Clinton County, New York

Clinton County, New York
Seal of Clinton County, New York
Map of New York highlighting Clinton County
Location in the state of New York
Map of the U.S. highlighting New York
New York's location in the U.S.
Founded 1788
Seat Plattsburgh
 - Total
 - Land
 - Water

1,118 sq mi (2,896 km²)
1,039 sq mi (2,691 km²)
79 sq mi (205 km²), 7.04%
 - (2010)
 - Density

79/sq mi (30.5/km²)

Clinton County is a county located in the U.S. state of New York. As of the 2010 census, the population was 82,128. Its name is in honor of the first Governor of New York as a state, George Clinton. Its county seat is Plattsburgh.



When counties were established in New York State in 1683, the present Clinton County was part of Albany County. This was an enormous county, including the northern part of New York State as well as all of the present state of Vermont and, in theory, extending westward to the Pacific Ocean. This county was reduced in size on July 3, 1766, by the creation of Cumberland County, and further on March 16, 1770, by the creation of Gloucester County, both containing territory now in Vermont. On March 12, 1772, what was left of Albany County was split into three parts, one remaining under the name Albany County. One of the other pieces, Charlotte County, contained the eastern portion.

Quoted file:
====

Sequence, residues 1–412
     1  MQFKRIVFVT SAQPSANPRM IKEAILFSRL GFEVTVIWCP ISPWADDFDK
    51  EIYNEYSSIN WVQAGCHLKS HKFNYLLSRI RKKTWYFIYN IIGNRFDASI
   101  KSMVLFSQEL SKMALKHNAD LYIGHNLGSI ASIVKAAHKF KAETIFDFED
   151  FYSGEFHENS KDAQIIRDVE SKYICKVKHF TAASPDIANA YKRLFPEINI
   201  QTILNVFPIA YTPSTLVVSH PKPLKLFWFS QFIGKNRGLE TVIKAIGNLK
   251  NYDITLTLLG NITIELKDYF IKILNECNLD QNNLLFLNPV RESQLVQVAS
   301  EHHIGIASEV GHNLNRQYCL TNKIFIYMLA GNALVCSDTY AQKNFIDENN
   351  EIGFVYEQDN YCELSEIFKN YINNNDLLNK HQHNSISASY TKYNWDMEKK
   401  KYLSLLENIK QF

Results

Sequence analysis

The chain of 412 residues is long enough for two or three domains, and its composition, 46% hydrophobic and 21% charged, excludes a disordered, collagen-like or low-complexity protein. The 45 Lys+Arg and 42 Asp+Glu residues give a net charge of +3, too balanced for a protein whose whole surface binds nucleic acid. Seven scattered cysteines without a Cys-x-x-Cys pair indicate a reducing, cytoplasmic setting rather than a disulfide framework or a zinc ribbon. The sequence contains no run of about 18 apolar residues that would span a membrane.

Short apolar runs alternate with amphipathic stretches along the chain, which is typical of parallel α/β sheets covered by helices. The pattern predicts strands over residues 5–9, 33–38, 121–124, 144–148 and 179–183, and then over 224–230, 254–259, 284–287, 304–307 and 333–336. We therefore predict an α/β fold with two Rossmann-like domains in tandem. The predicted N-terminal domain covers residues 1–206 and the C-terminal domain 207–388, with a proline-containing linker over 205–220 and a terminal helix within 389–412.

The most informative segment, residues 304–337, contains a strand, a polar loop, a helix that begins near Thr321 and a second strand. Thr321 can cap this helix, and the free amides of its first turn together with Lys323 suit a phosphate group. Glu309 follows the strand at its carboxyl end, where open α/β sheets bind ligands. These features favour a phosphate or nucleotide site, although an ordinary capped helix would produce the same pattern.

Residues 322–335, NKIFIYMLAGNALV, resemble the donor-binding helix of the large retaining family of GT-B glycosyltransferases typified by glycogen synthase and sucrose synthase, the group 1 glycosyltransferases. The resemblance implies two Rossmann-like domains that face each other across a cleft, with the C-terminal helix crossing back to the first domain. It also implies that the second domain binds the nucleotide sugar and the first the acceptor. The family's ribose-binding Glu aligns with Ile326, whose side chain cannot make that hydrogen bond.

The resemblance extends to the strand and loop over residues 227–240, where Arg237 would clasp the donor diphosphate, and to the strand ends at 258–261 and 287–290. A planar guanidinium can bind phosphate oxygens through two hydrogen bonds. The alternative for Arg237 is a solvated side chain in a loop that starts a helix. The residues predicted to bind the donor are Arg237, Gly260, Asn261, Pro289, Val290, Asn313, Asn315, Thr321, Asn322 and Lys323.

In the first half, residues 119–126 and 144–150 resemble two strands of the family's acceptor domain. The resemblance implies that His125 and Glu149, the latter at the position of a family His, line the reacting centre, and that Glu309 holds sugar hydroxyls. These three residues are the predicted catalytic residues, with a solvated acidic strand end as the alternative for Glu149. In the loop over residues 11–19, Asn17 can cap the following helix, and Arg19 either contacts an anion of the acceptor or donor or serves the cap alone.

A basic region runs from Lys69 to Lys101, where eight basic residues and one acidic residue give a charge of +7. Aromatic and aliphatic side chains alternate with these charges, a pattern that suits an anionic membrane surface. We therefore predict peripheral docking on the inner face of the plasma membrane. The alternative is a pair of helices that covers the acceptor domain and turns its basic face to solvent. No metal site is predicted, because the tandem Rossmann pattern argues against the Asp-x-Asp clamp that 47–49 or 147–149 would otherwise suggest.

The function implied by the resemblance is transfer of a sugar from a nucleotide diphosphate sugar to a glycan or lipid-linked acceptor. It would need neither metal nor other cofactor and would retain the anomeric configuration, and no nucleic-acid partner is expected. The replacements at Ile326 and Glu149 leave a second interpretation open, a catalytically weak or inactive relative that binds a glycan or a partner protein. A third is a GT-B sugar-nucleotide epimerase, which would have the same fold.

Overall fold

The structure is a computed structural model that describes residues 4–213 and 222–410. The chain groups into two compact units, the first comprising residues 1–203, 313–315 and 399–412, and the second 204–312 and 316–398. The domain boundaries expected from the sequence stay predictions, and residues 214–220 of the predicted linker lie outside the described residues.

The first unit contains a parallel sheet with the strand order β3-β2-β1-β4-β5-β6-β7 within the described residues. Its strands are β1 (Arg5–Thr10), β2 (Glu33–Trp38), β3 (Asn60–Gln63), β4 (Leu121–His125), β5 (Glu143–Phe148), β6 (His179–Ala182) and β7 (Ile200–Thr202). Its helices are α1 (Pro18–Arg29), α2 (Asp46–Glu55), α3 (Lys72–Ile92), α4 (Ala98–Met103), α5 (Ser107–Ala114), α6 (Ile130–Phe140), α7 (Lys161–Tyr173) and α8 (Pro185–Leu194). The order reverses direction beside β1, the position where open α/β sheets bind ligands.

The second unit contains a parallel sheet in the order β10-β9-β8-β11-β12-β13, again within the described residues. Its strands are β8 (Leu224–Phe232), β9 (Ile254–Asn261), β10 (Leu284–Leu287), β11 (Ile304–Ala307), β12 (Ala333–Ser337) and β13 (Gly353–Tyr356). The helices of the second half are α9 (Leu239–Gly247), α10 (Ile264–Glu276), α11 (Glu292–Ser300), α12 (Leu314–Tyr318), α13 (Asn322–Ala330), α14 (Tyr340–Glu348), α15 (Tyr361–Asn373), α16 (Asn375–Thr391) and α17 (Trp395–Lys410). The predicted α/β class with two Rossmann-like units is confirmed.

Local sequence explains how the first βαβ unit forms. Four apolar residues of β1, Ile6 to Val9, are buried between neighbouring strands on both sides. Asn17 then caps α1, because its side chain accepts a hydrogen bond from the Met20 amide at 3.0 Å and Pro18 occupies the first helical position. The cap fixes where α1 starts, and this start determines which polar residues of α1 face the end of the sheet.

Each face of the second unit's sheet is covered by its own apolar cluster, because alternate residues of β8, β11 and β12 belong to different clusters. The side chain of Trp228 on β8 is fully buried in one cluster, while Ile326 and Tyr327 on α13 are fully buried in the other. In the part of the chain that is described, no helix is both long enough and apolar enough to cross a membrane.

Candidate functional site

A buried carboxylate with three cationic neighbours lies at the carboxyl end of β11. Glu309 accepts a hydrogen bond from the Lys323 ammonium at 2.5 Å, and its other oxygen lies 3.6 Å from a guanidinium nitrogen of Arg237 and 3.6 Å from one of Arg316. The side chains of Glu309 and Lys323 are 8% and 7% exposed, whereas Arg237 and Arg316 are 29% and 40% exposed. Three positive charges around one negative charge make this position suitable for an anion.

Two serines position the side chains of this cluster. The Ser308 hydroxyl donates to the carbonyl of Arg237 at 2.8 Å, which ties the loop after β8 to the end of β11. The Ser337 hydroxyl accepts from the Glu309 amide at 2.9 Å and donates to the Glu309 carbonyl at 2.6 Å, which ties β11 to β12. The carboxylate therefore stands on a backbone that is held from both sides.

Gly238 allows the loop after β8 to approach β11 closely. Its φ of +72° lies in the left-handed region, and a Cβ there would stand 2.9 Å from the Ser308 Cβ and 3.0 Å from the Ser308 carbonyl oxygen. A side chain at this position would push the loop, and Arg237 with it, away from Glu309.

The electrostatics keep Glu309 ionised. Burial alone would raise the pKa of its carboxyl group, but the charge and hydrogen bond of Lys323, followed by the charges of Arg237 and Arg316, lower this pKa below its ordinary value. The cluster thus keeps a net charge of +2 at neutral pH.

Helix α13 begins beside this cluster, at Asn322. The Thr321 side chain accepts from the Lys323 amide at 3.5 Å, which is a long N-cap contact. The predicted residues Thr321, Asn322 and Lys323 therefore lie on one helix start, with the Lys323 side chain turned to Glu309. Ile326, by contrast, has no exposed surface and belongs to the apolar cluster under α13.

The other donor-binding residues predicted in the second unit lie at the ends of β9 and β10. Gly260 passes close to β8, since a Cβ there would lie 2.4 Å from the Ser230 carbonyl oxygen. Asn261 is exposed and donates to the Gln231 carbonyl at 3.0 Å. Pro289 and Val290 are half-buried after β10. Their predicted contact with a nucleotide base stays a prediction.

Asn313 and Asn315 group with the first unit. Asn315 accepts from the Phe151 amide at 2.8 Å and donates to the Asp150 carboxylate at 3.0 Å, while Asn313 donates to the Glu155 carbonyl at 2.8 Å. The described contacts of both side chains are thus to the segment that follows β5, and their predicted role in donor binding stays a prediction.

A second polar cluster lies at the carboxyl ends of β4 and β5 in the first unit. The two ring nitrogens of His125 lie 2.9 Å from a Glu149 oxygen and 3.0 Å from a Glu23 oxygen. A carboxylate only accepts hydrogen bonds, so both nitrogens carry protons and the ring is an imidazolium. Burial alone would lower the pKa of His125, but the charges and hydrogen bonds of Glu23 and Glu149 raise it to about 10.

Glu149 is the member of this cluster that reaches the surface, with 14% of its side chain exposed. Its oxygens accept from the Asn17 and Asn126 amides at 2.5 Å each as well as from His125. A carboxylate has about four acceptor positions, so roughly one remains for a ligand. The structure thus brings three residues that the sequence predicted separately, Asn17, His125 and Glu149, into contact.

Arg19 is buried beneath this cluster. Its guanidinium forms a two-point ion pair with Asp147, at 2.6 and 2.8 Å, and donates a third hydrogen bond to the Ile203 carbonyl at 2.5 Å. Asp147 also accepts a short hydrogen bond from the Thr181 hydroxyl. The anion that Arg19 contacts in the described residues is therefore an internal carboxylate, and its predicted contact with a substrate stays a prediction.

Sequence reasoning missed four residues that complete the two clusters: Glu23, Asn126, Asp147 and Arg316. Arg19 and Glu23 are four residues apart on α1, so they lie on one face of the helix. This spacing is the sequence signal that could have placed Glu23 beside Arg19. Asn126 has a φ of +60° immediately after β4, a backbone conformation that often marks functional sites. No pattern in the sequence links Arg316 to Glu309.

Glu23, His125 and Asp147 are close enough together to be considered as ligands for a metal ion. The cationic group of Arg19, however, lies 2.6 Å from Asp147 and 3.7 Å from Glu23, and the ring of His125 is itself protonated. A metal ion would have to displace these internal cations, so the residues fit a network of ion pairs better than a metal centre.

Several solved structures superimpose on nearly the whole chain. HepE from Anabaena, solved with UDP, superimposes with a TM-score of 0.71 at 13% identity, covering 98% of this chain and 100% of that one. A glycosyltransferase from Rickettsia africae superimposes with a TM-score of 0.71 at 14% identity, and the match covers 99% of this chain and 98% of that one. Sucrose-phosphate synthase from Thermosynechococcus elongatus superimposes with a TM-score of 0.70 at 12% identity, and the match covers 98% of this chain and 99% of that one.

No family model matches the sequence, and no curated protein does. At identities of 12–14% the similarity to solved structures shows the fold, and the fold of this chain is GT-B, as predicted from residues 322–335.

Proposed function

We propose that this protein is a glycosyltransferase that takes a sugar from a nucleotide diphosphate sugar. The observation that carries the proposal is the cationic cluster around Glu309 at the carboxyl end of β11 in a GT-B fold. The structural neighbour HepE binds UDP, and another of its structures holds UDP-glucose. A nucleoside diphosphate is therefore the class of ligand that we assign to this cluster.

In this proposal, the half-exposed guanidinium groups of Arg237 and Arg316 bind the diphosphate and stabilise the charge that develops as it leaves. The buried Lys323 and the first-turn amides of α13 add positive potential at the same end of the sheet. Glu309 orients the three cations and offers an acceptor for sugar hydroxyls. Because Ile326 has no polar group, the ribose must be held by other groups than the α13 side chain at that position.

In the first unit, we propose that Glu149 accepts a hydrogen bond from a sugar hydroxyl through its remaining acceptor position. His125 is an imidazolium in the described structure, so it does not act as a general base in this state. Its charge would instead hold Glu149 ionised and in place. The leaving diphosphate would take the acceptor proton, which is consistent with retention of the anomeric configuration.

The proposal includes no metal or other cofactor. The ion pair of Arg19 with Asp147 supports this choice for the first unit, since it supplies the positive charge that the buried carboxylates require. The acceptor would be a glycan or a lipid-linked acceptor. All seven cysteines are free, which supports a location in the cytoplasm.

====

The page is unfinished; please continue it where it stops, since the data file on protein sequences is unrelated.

In 1784, the name "Charlotte County" was changed to Washington County to honor George Washington, the American Revolutionary War general and later President of the United States of America.

In 1788, Clinton County was split off from Washington County. This was a much larger area than the present Clinton County, including several other counties or county parts of the present New York State.